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The Throne of Maximian (or Maximianus) is a throne that was made for Archbishop Maximianus of Ravenna and is now on display at the Archiepiscopal Museum, Ravenna. It is generally agreed that the throne was carved in the Greek East of the Byzantine Empire and shipped to Ravenna, but there has long been scholarly debate over whether it was made in Constantinople or Alexandria.
Source: Christian Antiquities Museum and Archives
A detail of Suppling Grain to Joseph's Brothers. Throne of Archbishop Maximian, Byzantine or Coptic, 545–553AD. Archiepiscopal Museum, Ravenna.
A detail of Joseph and his father, Jacob. Throne of Archbishop Maximian, Byzantine or Coptic, 545–553AD. Archiepiscopal Museum, Ravenna.
The left side of the Throne of Archbishop Maximian, Byzantine or Coptic, 545–553AD. Archiepiscopal Museum, Ravenna.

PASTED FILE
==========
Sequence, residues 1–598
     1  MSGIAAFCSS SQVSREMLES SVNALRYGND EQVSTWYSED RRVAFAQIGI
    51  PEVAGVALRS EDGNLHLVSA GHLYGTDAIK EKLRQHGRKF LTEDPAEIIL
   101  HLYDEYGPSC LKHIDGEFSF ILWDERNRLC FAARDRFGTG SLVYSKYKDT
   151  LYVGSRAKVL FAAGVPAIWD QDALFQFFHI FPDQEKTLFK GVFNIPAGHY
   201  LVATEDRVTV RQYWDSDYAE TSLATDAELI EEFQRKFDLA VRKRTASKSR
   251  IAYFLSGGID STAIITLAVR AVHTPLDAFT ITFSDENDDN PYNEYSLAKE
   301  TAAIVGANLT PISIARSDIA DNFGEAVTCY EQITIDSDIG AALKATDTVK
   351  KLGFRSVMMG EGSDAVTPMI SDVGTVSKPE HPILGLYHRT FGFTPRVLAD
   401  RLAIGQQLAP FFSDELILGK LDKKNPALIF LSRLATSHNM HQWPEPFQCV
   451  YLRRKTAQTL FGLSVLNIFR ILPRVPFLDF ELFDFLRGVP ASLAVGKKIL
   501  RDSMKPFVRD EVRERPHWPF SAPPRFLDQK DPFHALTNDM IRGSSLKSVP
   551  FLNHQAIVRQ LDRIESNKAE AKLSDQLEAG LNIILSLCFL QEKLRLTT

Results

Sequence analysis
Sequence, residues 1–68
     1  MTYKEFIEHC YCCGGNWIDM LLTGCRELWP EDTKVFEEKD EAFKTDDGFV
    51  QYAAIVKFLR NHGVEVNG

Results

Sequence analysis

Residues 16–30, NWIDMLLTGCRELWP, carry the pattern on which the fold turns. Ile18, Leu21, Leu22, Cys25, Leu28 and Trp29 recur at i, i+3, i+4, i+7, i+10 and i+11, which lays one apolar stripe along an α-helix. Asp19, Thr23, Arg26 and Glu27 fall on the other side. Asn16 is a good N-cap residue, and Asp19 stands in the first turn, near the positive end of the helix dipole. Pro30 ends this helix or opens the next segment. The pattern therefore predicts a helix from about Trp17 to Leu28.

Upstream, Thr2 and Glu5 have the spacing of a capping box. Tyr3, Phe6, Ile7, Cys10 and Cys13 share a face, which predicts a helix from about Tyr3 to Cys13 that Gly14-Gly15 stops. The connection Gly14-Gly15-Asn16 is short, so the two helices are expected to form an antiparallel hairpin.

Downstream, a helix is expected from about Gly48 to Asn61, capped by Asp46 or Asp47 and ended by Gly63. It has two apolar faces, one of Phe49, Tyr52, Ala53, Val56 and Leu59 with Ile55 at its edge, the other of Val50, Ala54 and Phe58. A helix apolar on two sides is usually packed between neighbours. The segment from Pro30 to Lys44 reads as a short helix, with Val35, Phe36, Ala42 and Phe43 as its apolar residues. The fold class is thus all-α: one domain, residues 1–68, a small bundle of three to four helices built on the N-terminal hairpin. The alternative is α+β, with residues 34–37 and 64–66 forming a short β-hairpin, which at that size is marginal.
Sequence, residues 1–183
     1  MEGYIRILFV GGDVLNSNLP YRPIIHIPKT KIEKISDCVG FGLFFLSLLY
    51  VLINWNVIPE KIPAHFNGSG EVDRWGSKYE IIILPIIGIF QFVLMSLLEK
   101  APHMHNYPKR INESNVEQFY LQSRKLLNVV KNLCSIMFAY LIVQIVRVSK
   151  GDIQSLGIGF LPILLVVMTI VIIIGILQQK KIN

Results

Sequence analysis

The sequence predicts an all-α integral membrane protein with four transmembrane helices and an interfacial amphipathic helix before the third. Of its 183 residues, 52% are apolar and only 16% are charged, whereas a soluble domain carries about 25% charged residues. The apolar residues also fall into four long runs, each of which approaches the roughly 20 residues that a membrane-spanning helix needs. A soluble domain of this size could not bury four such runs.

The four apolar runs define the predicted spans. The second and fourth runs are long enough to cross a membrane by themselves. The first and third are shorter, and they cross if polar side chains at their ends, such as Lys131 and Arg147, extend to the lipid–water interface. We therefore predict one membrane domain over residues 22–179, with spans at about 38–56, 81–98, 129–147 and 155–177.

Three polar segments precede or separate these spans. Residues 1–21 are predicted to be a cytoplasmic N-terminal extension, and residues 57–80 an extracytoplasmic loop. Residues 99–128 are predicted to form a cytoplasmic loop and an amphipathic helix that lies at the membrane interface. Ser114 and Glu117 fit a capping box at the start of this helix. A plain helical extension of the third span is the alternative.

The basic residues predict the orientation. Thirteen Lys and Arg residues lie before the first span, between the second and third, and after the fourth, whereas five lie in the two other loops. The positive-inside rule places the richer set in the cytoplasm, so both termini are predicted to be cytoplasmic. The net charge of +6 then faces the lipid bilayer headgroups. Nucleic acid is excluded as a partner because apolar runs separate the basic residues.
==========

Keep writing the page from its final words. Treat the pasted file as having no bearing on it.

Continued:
Referenced as Plates XCIV-XCV in The military technology of classical Islam by D Nicolle
XCIV-XCV "Story of Joseph," carved ivory panels on Throne of Archbishop Maximian, c.550 AD, Byzantine or Egyptian (Cathedral Museum, Ravenna).
Justinian as world conqueror. The Barberini Ivory, mid-sixth century
The Rabbula Gospels Evangelia characteribus Syriacis exarata Northern Syria, 586AD
Byzantine plates of the reign of Herakleios with biblical characters in Roman costume & armour, early 7th century
6th-7th century Byzantines in the Ashburnham Pentateuch
6th Century Illustrations of Costume & Soldiers
Other Byzantine Costume & Soldiers